HHCD did not surrender a catch on the lone target thrown his way and he defended a third-down pass to Evan Engram. He’s given up fewer than 10 receiving yards in each of the last three weeks.
His problem is not that he can’t tackle or not that he gives up a lot of passes. It’s that he takes horrible angles. He gave us a perfect example of this on Saquon Barkley’s 78-yard touchdown run. As the team’s free safety, he is tasked with being the last line of defense and preventing big plays from happening. Well, if that is in fact his job, then he is failing miserably.
The Redskins defense only allowed seven plays of 20 or more yards in Weeks 1-8 (7 games), which ranked third in the NFL. Since Clinton-Dix arrived in Week 9 (6 games), the team has surrendered a whopping 28 plays of 20-plus yards, which ranks 30th. Yes, you read that right, in one less game they’ve allowed four times as many big plays.
Not only has the team given up almost exponentially more big plays since Ha Ha arrived, he hasn’t countered that by making many big plays of his own. HHCD has recorded just 2 PDs, 1 FF, 1 FR, no interceptions, no TFLs and no sacks on his 387 snaps with the team.
I find it ironic that the team gave up a fourth-round pick for Clinton-Dix, who hasn’t played well and will probably only appear in three more games for the Redskins, and benched an upcoming fourth rounder to do so. They’ve wasted much of our following players’ development time and burned essentially the same draft pick they used to acquire him to do so.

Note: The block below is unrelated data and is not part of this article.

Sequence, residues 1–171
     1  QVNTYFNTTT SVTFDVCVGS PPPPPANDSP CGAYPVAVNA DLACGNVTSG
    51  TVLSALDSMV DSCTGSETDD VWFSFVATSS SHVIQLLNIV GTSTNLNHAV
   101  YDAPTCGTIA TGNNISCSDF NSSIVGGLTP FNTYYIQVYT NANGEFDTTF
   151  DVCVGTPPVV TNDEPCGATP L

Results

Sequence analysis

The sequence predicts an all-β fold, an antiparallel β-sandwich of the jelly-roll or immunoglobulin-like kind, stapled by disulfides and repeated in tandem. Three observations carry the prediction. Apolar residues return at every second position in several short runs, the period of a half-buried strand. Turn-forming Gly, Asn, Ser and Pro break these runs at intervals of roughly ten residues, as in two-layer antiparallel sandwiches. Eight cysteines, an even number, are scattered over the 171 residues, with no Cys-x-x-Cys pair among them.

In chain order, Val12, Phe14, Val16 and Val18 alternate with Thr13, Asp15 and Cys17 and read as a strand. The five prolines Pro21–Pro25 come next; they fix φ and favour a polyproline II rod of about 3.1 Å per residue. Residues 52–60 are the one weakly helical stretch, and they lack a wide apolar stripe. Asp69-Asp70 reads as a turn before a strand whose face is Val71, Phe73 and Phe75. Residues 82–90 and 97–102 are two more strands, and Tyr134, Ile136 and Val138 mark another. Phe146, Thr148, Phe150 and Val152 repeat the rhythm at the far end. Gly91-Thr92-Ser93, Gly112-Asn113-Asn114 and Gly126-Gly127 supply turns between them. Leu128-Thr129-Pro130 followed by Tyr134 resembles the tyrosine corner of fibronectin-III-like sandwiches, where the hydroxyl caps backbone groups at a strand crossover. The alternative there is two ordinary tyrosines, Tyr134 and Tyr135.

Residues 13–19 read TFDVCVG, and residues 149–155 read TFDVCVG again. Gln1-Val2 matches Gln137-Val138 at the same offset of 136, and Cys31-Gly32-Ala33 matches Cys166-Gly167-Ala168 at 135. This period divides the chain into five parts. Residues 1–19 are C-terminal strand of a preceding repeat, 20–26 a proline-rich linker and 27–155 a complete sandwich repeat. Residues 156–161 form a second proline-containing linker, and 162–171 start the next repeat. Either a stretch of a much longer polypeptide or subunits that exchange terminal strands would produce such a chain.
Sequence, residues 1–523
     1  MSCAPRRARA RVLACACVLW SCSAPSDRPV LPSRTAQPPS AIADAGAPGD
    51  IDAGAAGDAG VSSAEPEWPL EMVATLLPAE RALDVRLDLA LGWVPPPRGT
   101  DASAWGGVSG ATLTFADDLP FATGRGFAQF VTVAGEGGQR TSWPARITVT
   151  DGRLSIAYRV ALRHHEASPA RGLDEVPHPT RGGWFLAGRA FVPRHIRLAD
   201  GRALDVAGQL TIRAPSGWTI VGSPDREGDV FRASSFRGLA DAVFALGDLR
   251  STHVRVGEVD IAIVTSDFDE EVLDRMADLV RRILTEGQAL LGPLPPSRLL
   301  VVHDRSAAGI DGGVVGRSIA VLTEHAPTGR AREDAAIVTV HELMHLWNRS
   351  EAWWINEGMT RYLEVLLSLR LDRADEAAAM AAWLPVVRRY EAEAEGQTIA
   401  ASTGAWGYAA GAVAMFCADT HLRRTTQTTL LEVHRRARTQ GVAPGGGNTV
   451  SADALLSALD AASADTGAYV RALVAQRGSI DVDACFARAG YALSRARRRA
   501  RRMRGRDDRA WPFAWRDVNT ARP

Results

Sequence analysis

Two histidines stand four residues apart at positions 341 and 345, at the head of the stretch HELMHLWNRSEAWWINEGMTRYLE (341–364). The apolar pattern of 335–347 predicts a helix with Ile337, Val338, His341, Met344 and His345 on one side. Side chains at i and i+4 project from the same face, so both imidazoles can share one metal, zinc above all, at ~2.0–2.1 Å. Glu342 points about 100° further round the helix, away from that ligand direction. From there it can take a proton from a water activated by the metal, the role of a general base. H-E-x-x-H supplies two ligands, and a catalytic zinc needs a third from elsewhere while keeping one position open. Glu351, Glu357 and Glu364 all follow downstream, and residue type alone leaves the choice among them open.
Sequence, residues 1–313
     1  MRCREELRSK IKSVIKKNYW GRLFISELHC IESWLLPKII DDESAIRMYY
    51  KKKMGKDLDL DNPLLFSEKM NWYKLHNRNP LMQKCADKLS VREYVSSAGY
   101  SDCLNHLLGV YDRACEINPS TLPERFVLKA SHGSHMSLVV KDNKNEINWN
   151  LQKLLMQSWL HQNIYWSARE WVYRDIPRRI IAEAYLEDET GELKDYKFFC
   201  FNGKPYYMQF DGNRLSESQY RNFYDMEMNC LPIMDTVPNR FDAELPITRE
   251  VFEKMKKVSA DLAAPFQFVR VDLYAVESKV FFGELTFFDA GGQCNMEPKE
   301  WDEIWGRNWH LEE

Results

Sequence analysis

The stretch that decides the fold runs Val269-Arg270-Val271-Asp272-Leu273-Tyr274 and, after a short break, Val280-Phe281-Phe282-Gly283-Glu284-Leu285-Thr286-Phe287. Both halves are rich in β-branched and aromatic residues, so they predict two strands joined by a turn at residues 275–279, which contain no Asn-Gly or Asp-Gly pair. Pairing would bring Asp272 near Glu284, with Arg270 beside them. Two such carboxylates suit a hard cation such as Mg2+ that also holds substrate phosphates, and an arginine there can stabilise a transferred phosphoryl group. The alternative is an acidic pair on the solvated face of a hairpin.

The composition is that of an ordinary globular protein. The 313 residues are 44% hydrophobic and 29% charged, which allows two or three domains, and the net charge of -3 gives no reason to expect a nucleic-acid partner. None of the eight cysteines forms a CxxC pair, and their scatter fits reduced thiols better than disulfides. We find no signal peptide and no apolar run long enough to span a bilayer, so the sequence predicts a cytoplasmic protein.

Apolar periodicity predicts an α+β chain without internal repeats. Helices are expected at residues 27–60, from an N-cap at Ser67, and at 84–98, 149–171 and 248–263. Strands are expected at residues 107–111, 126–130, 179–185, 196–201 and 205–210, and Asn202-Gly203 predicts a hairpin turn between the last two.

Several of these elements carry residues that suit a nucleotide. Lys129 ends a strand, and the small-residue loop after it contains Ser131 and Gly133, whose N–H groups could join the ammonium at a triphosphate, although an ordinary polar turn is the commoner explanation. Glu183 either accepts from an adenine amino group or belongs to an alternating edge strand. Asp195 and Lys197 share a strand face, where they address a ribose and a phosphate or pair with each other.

Montae Nicholson- Nicholson played solely on special teams for the third straight week. He’s only seen the field on defense for 4 snaps in team’s last five contests.
Deshazor Everett- Deshazor Everett played just one snap with the defense on Sunday, which was his second-lowest total of the season (0 defensive snaps in Week 6 vs. Panthers).
Everett made a tackle to end Engram’s 30-yard reception on his lone defensive play of the afternoon.
ALL DEFENSIVE PLAYERS
|Defense (25 Players)|
|Player (* - starter)||Snaps||Snap %||Player (* - starter)||Snaps||Snap %|
|Ha Ha Clinton-Dix *||64||100%||Tim Settle||20||31%|
|Mason Foster *||64||100%||Pernell McPhee||14||22%|
|Josh Norman *||64||100%||Josh Harvey-Clemons||8||12%|
|D.J. Swearinger *||64||100%||Matt Ioannidis *||3||5%|
|Fabian Moreau *||63||98%||Marcus Smith||3||5%|
|Jonathan Allen *||58||91%||Deshazor Everett||1||2%|
|Preston Smith *||57||89%||Adonis Alexander||ST Only||0%|
|Daron Payne *||55||86%||Danny Johnson||ST Only||0%|
|Ryan Kerrigan *||54||84%||Montae Nicholson||ST Only||0%|
|Zach Brown||28||44%||Zach Vigil||ST Only||0%|
|Shaun Dion Hamilton *||28||44%||Ryan Anderson||Inactive||N/A|